There are many challenges to running an Open Source organization, but the one that I have personally felt the pain of again and again is that our tooling is awful. Github (and realistically we’re all using Github at this point) still feels in many ways like a tool designed around the idea that all the action is going to happen in one repo. This may not be entirely the fault of Github. Git itself is very tightly coupled to the idea that anything you care about for a particular action is going to happen in one, and only one, repository.
When Github released Organizations, the world rejoiced, because we could now map permissions and team members in our source repository the way they were mapped in the real world. Every new feature Github adds to its Organizations product causes more rejoicing, because so many teams work across multiple repos, and the tooling around multiple repos is still awful.
The awfulness of this tooling is probably a strong factor in the current trend towards “microservice, monorepo” code organization, but that’s another post.
I’ve been the equivalent of a core contributor for a half dozen Github organizations, and I’ve noticed that one area where the tooling is especially lacking is around labels. I’ve seen labels used to designate team or individual ownership, indicate the status of pull requests, signal that certain issues are friendly for beginners, and even used as deploy targets for chunks of code. It’s fair to say that labels form a core tool in the infrastructure of every team I’ve seen using Github, and yet the tooling Github exposes for labels is painfully lacking.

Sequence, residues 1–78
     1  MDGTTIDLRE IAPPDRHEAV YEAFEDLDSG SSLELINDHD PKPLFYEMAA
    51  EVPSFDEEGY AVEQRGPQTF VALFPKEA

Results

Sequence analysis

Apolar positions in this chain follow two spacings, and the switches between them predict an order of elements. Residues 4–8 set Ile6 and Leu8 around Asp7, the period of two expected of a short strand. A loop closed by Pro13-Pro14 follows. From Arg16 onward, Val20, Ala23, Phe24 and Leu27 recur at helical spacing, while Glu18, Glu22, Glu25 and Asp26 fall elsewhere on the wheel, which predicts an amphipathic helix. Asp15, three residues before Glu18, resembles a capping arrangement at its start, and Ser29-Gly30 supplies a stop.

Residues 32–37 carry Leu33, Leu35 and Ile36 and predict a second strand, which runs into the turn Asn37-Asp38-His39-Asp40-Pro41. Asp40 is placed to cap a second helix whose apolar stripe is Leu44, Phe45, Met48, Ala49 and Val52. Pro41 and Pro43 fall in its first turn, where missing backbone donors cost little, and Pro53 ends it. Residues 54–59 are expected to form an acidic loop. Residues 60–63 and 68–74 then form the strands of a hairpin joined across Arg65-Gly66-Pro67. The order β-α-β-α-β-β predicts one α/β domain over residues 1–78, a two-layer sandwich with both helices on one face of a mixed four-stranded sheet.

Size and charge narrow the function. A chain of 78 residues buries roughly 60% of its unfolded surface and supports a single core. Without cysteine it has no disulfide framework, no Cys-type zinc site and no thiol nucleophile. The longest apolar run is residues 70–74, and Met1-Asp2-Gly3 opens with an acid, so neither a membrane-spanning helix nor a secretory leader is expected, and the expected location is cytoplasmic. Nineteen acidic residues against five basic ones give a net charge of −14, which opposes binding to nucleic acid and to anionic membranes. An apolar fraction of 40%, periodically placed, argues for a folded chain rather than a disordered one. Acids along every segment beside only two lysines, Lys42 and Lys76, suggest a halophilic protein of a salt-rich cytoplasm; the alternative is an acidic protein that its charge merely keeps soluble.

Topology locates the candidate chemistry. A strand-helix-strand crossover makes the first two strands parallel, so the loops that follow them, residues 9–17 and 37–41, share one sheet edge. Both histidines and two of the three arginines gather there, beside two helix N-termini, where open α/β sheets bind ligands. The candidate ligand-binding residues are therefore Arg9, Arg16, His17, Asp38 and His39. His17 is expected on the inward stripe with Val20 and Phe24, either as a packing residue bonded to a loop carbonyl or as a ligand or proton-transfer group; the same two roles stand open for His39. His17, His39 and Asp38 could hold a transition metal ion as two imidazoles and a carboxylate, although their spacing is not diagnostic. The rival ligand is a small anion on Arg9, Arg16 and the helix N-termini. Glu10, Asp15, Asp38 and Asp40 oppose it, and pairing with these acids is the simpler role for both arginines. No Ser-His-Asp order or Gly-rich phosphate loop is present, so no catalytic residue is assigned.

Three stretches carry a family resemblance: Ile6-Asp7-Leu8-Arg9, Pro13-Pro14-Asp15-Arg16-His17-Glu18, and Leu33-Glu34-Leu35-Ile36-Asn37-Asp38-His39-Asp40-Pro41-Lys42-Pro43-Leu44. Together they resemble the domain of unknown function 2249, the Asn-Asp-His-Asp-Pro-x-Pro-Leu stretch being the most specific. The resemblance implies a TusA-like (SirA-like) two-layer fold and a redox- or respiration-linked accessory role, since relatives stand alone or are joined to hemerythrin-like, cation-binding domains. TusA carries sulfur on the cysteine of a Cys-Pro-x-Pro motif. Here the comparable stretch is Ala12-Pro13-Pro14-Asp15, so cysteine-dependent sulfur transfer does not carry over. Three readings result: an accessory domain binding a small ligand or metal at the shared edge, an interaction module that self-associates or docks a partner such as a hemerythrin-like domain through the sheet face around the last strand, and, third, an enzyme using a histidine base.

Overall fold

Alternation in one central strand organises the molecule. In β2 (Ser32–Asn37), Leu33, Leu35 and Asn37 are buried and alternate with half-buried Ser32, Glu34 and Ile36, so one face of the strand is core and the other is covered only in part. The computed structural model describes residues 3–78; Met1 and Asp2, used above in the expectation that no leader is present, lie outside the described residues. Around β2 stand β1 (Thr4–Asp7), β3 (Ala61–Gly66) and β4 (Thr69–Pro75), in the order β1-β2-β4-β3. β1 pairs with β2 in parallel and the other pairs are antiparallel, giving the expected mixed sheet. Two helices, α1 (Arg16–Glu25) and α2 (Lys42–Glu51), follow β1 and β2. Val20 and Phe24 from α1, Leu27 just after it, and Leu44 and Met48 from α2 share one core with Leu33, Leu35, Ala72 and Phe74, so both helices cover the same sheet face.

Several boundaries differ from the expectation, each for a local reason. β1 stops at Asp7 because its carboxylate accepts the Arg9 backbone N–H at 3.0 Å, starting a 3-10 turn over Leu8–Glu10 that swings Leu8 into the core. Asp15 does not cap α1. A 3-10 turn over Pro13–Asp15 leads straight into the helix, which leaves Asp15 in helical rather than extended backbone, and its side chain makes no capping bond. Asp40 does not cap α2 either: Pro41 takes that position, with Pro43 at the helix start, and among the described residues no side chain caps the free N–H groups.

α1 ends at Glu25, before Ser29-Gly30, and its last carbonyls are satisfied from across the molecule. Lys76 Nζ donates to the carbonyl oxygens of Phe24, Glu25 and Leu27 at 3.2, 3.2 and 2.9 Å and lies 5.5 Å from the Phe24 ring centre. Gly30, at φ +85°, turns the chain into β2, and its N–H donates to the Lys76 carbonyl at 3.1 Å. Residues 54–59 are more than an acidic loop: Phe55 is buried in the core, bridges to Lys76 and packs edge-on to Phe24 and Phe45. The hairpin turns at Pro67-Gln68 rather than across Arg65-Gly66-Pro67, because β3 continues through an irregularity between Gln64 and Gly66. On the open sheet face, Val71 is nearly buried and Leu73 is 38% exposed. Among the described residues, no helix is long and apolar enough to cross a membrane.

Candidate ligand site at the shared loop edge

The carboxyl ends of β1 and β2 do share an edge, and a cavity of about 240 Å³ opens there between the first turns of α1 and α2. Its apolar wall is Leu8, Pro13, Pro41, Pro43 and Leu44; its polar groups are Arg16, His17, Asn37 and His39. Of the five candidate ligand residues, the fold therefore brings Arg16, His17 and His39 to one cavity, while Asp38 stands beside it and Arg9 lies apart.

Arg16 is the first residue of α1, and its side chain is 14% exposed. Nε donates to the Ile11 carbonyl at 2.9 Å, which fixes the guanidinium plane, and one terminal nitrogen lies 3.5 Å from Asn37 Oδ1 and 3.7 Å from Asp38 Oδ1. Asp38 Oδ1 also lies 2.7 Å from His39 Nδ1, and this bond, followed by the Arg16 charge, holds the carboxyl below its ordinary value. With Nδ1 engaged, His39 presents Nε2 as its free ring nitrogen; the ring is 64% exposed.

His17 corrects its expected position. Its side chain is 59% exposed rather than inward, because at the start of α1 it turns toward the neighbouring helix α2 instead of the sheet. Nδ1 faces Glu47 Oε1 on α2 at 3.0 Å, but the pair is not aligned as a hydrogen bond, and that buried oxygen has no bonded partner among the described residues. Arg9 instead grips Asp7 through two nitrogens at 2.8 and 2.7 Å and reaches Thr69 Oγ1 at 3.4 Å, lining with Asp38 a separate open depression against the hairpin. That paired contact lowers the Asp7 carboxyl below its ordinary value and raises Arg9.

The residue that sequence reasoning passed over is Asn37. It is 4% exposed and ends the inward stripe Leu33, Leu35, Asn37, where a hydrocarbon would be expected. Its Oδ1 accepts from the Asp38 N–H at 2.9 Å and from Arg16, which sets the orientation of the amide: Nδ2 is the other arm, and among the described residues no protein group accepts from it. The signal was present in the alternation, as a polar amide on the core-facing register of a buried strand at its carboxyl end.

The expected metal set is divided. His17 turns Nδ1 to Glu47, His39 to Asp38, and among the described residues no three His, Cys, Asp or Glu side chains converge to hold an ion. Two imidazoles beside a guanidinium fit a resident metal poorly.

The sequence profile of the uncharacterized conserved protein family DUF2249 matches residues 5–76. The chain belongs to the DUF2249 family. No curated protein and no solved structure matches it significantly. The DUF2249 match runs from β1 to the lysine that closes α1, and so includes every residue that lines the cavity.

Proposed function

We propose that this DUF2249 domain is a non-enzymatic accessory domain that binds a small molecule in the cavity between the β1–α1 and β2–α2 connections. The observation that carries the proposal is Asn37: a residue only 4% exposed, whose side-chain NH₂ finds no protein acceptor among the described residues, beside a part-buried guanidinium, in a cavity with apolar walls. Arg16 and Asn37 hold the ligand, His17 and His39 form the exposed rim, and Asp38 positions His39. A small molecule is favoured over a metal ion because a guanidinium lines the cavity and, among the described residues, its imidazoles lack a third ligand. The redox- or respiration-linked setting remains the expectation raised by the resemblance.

I could go on and on about this, but my goal here isn’t to necessarily make Github feel bad. I hope they’re working on better label tooling, and if they want ideas, boy am I willing to give them. But there is one label-specific wall I kept banging my head against, and that is label consistency across all the repos of an Organization.
Some of you read that and feel remembered pain. I feel that pain with you, and we are here for each other. Some of you might have no idea what I’m talking about, so I’ll explain a bit more.
Let’s say you want to add a “beginner-friendly” label to all the repos in your Open Source Organization, so that new contributors can find issues to start with. Right now on Github, you would need to go into every repo, click into the Issues page, click into the Labels tab, and manually create that label. There are no “Org-wide labels”, and no tool for easily creating and updating labels across all the repos of an organization.
Introducing Epithet, a Python-based command line tool for managing labels across an organization. You give it a Github key, organization, and label name, and it will make sure that label exists across all the repos in your org. Give it a color, and it’ll make the color of that label consistent across all repos as well. Have you decided you’re done with a particular label? Epithet can delete it from all your repos for you. Are you using Github Enterprise? Epithet supports that too.
Epithet exists to fill a very particular need in open (and closed) source Github organizations, and it’s still pretty alpha. We use it for the BeeWare project, and it might be used soon for syncing labels in the Ragtag organization. You can start using it today by checking out the (sadly small) documentation, and if there’s a feature missing you’d like to see, I’m happy to work with you on getting a PR submitted.
Managing Open Source organizations is hard. My hope is Epithet makes it a little bit easier.
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Special thanks to Katie Cunningham and Kenneth Love for reviewing this post.
projects python open-source git